May 2004
Volume 45, Issue 13
Free
ARVO Annual Meeting Abstract  |   May 2004
Accuracy of ophthalmologists in predicting glaucoma from ocular hypertension based on the results of the Ocular Hypertension Treatment Study (OHTS)
Author Affiliations & Notes
  • S.L. Mansberger
    Devers Eye Institute, Portland, OR
  • G.A. Cioffi
    Devers Eye Institute, Portland, OR
  • Footnotes
    Commercial Relationships  S.L. Mansberger, None; G.A. Cioffi, None.
  • Footnotes
    Support  none
Investigative Ophthalmology & Visual Science May 2004, Vol.45, 5565. doi:
  • Views
  • Share
  • Tools
    • Alerts
      ×
      This feature is available to authenticated users only.
      Sign In or Create an Account ×
    • Get Citation

      S.L. Mansberger, G.A. Cioffi; Accuracy of ophthalmologists in predicting glaucoma from ocular hypertension based on the results of the Ocular Hypertension Treatment Study (OHTS) . Invest. Ophthalmol. Vis. Sci. 2004;45(13):5565.

      Download citation file:


      © ARVO (1962-2015); The Authors (2016-present)

      ×
  • Supplements
Abstract

Abstract: : Purpose: Ophthalmologists should balance the probability of developing glaucoma with the risks of ocular hypotensive treatment before treating an ocular hypertensive patient. We investigated the ability of ophthalmologists to predict the probability of glaucoma from ocular hypertension based on the results of The Ocular Hypertension Treatment Study (OHTS). Methods: Twenty–three ophthalmologists estimated the probability of glaucoma over the next 5 years in 5 ocular hypertensive patients after reviewing the results of the OHTS. All representative patients had a pattern standard deviation (PSD) of 1.9 and did not have diabetes mellitus. Patient #1 had an age of 60 years, intraocular pressure (IOP) of 24 mm Hg, cup to disc ratio (C/D) of 0.3, and corneal thickness of 540 microns. Patient #2 had an age of 72 years, IOP of 25 mm Hg, a C/D of 0.6, and a corneal thickness of 510 microns. Patient #3 had an age of 60 years, IOP of 28 mm Hg, a C/D of 0.1, and a corneal thickness of 600 microns. Patient #4 had an age of 60 years, IOP of 24 mm Hg, C/D of 0.5, and a corneal thickness of 490 microns. Patient #5 had an age of 60 years, IOP of 24 mm Hg, a C/D of 0.1, and a corneal thickness of 540 microns. We compared the ophthalmologist estimates to a risk calculator developed from the OHTS. Results: Ophthalmologists estimated the mean probability +/– SD of developing glaucoma over the next five years in Patient #1, Patient #2, Patient #3, patient #4, and patient #5 as 9.1% +/– 12.1 (range 0 to 50), 31.5% +/– 26.0 (range 1 to 100), 7.4% +/– 5.0 (range 0–20), 15.8% +/– 15.4 (range 0–50), and 6.5% +/– 8.1 (range 0 to 25), respectively. The risk calculator estimated a probability of glaucoma in these same patients of 6.9%, 33.1%, 2.6%, 23.5%, and 4.0%, respectively. Conclusions: Ophthalmologists estimate a wide range of probability of developing glaucoma from ocular hypertension. Ophthalmologists may under or over treat their patients based on this estimate. More exact methods of determining the probability of glaucoma from ocular hypertension are needed.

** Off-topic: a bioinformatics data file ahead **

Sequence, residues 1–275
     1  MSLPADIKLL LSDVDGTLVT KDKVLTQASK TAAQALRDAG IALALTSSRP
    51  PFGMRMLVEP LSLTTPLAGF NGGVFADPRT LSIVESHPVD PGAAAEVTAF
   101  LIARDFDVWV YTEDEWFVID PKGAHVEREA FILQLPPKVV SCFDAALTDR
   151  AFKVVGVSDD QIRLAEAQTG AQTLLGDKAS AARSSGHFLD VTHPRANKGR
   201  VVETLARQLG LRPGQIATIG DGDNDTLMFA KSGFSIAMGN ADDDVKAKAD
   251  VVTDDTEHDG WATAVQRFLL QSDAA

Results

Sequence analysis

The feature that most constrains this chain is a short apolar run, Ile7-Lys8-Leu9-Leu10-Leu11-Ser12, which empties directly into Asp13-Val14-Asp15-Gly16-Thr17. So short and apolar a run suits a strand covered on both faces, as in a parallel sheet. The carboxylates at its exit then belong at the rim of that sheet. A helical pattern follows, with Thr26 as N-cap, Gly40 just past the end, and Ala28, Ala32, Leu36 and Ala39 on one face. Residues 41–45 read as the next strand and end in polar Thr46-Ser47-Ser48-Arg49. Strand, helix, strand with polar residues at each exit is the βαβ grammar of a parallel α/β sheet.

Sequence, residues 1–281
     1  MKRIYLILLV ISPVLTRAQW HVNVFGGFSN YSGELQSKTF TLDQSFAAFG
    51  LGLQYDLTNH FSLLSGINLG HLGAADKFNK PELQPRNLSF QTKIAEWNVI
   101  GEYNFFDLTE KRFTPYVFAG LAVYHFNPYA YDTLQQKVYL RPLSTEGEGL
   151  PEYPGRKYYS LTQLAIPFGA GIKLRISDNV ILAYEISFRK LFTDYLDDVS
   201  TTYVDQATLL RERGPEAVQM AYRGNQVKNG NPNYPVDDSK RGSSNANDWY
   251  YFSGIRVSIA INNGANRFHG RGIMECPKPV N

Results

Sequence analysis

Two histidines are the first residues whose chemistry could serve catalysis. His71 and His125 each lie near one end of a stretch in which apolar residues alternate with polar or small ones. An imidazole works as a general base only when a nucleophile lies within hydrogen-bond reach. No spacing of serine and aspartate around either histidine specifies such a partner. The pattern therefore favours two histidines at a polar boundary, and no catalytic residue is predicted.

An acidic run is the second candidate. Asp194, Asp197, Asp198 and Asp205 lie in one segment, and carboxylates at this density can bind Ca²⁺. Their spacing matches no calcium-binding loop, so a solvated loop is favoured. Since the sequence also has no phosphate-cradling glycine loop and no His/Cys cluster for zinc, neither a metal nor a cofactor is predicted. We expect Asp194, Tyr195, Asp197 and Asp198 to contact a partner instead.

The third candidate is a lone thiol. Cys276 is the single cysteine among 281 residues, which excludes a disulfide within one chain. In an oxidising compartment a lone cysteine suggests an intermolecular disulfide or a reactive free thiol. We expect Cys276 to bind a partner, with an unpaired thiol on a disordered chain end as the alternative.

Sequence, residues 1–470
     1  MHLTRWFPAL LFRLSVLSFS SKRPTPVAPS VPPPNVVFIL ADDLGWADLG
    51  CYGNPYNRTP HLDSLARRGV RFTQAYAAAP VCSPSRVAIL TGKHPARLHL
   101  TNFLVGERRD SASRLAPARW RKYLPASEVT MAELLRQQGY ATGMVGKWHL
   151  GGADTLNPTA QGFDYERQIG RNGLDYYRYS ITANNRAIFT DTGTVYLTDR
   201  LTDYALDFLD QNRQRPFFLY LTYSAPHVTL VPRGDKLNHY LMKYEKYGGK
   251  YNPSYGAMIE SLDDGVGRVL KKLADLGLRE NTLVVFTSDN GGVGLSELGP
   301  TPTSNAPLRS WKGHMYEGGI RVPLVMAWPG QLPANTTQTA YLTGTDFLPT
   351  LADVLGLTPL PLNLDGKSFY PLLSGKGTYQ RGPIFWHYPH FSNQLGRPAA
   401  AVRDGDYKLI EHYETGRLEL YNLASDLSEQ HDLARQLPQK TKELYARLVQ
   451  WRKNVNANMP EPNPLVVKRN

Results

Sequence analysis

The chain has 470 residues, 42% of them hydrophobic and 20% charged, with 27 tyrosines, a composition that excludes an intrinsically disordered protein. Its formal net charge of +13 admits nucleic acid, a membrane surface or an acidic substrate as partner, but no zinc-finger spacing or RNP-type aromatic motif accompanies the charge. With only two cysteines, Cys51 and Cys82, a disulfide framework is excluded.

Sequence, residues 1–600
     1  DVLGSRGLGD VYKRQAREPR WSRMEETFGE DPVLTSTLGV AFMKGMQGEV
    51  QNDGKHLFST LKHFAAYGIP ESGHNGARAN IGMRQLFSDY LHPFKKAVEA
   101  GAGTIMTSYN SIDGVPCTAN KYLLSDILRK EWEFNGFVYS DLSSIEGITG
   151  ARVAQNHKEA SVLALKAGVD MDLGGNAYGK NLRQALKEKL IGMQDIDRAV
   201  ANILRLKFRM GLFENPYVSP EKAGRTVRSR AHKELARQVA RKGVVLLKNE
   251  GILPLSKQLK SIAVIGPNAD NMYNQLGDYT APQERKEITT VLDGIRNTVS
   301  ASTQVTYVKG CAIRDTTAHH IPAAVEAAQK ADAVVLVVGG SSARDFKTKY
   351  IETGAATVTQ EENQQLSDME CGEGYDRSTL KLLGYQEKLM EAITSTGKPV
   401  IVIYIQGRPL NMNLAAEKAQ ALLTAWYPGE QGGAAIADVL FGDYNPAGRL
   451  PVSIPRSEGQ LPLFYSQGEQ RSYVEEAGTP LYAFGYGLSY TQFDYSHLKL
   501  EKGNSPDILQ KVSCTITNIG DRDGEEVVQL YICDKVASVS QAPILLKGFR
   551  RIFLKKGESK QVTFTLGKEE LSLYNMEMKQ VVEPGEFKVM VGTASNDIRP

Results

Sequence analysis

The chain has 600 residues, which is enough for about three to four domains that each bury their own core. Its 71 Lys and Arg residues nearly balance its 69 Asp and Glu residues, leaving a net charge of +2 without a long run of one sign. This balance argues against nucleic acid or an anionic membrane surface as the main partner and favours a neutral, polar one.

Keywords: clinical (human) or epidemiologic studies: risk factor assessment 
×
×

This PDF is available to Subscribers Only

Sign in or purchase a subscription to access this content. ×

You must be signed into an individual account to use this feature.

×